STEVE INSKEEP, host:
It's Morning Edition from NPR News. Good morning, I'm Steve Inskeep.
RENEE MONTAGNE, host:
And I'm Renee Montagne. Not surprisingly, the turmoil on Wall Street has made its way into the presidential campaign. Yesterday, Republican John McCain and Democrat Barack Obama each tried to control the day's message, and each tried to position himself as the savior of the nation's financial system. In a moment, we'll hear from NPR's Scott Horsley who's following Senator Obama. First, to NPR's David Greene who's traveling with the McCain campaign?
DAVID GREENE: Senator McCain's message yesterday seemed crystal clear when he came out with this new ad for national TV.
(Soundbite of McCain campaign ad)
Unidentified Voiceover: Our economy in crisis. Only proven reformers John McCain and Sarah Palin can fix it.
GREENE: There were ominous headlines crossing the screen about bank failures, lost jobs, and gloom across the economy. Then the candidate himself came out for a rally in Florida, and the crisis message wasn't there.
Senator JOHN MCCAIN (Republican, Arizona; 2008 Republican Presidential Nominee): Our economy, I think, still, the fundamentals of our economy are strong, but these are very, very difficult times.
GREENE: McCain's comment was picked up immediately on the news wires where stories began with McCain saying the U.S. economy's fundamentals remain strong. This has been a sensitive subject for the Arizona senator who at other times has said the economy's made great progress in the past eight years. Fair or not, his opponent Barack Obama has mocked him for suggesting the economy's doing OK at a time when Americans are struggling. And especially on a day of turmoil on Wall Street, McCain wanted to show more concern. An hour or so after leaving Jacksonville, McCain was at a town hall meeting in Orlando and no longer talking about the fundamentals of the economy being strong.
Senator MCCAIN: I know Americans are hurting now, and the fundamentals of our economy are at risk. They're at risk - the great workers, the great innovators -because of the greed of Wall Street and the greed and the abuse that's taking place which has put our very economy at risk. Our economy is at risk today. Have no doubt how serious this problem is. And we Americans will get through it, but we've got to reform.
GREENE: That reform, McCain said, includes giving Americans more access to secure mortgages. He said the housing crisis is the root cause of Wall Street's woes. But greediness on Wall Street has also been a problem, he said. And he called for tighter regulation of the financial institutions.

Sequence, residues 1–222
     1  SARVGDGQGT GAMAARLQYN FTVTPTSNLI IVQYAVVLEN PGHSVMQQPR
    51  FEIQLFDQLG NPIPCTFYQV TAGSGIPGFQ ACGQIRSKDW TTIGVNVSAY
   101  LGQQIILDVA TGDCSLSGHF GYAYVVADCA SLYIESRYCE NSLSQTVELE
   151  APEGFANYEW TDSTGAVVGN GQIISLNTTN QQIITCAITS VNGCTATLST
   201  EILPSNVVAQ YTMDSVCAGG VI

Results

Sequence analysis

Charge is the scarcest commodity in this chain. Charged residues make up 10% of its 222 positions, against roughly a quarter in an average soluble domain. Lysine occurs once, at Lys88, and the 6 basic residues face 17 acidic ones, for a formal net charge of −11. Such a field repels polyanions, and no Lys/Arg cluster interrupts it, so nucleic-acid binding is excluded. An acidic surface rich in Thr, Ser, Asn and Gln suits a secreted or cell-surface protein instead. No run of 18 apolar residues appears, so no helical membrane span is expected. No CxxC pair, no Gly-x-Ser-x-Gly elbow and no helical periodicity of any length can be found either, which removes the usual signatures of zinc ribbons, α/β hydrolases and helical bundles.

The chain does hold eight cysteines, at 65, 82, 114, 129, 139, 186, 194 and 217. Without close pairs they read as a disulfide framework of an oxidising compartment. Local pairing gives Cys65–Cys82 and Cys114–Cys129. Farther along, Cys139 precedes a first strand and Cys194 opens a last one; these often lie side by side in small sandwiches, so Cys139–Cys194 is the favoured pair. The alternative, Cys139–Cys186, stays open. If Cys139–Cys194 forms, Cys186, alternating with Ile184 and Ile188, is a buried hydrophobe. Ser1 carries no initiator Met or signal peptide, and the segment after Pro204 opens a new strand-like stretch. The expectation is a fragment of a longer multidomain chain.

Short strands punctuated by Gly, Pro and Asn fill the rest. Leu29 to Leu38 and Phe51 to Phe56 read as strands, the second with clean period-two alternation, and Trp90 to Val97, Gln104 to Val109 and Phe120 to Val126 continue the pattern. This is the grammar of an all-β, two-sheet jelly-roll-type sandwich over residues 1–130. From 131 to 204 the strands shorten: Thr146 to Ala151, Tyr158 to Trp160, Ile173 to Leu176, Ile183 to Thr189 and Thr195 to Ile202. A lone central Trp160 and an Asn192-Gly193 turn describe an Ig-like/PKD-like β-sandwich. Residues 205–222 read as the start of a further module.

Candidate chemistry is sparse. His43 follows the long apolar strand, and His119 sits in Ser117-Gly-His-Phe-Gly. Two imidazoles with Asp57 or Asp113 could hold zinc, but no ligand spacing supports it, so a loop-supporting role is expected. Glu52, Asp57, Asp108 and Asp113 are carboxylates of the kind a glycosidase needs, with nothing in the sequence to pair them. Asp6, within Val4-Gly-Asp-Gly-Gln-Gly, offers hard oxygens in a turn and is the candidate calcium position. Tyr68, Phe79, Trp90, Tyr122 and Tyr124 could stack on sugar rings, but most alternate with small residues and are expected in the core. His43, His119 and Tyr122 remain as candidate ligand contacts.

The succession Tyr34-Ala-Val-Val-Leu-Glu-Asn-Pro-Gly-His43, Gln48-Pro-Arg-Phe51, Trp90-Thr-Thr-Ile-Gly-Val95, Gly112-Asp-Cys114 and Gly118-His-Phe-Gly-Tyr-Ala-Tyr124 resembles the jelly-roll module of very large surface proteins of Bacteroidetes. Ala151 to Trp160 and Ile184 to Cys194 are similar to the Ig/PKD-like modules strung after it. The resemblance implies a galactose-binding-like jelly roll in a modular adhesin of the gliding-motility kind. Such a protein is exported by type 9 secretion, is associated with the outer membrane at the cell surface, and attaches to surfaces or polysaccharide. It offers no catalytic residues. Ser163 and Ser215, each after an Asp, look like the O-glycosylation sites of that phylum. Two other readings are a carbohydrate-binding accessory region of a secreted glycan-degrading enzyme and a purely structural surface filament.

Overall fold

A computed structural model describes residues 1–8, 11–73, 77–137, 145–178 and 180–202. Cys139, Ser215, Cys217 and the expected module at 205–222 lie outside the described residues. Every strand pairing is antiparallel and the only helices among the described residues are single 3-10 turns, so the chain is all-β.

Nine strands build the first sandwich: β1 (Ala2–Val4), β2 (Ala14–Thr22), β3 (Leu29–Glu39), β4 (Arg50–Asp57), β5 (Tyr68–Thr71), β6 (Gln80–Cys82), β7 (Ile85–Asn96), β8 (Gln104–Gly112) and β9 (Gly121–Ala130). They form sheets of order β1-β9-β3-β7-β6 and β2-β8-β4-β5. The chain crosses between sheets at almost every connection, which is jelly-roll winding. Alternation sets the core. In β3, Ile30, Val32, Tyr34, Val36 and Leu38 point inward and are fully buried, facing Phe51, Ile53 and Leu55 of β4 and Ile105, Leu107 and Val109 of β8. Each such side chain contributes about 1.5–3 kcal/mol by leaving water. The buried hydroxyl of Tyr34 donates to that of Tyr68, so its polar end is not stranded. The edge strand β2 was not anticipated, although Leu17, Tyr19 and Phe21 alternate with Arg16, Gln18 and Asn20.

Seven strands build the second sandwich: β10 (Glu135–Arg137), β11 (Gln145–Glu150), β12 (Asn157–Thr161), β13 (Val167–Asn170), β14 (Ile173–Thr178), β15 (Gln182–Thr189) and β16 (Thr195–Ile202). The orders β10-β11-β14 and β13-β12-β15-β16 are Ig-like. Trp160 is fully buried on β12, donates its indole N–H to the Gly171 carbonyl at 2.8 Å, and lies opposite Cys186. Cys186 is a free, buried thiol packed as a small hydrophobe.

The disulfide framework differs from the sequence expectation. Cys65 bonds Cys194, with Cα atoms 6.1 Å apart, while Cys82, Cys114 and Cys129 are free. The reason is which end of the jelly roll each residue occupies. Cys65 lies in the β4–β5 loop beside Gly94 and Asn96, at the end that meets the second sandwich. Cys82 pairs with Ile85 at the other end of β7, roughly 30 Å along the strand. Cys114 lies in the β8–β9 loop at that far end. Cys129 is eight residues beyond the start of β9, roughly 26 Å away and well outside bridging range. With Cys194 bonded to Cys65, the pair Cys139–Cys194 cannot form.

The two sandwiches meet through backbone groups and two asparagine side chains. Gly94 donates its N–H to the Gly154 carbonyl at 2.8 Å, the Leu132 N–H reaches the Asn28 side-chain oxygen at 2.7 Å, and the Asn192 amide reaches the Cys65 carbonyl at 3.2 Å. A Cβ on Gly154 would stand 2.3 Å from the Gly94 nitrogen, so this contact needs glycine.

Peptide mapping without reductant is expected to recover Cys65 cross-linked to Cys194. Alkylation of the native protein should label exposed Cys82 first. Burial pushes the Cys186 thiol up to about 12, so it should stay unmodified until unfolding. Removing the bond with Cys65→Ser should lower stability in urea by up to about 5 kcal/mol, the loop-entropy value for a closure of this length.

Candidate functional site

Senator MCCAIN: The regulatory system is broken. It was designed for the days in the stock market when they used to hold up cards, and they would yell back and forth at each other. Now the global economy is instantaneous around the world as trading goes on.
GREENE: As he's been doing everywhere, McCain took time in Orlando to praise his new running mate, Sarah Palin, who was in Colorado.
Senator MCCAIN: I've been pleased to introduce Sarah around the country and to the nation, and I want to tell you, I can hardly wait to introduce her to Washington, D.C.
(Soundbite of crowd ovation)
Governor SARAH PALIN (Republican, Alaska; 2008 Republican Vice Presidential Nominee): Thank you so much. This is just spectacular. Thank you, Colorado. It is so good to be here.
GREENE: Palin was at a fairground in Golden, Colorado, speaking to hundreds of people in a dirt floor arena.
Governor PALIN: Let me tell you something that's going on today in our world, particularly here in our nation that needs some shaking up and some fixing.
GREENE: She was talking about the troubles on Wall Street, which she said could cause pain for Americans and their own pocketbooks.
Governor PALIN: This crisis is an issue of real concern, not only for those in our financial markets, but for the people across this great country. It's taking a toll on our economy, and that means people's life savings.
GREENE: Palin hammered at the day's theme. She said government reform can help stabilize Wall Street.
Governor PALIN: Guys and gals, our regulatory system is outdated, and it needs a complete overhaul.
GREENE: She said she and McCain are up to the task.
Governor PALIN: This is going to be one of the highest priorities of our administration.
(Soundbite of crowd ovation)
GREENE: Later today, McCain and Palin will be back together on a shared stage. They're beginning a joint campaign swing in Ohio and Michigan. David Greene, NPR News, traveling with the McCain campaign.
NPR transcripts are created on a rush deadline by Verb8tm, Inc., an NPR contractor, and produced using a proprietary transcription process developed with NPR. This text may not be in its final form and may be updated or revised in the future. Accuracy and availability may vary. The authoritative record of NPR’s programming is the audio record.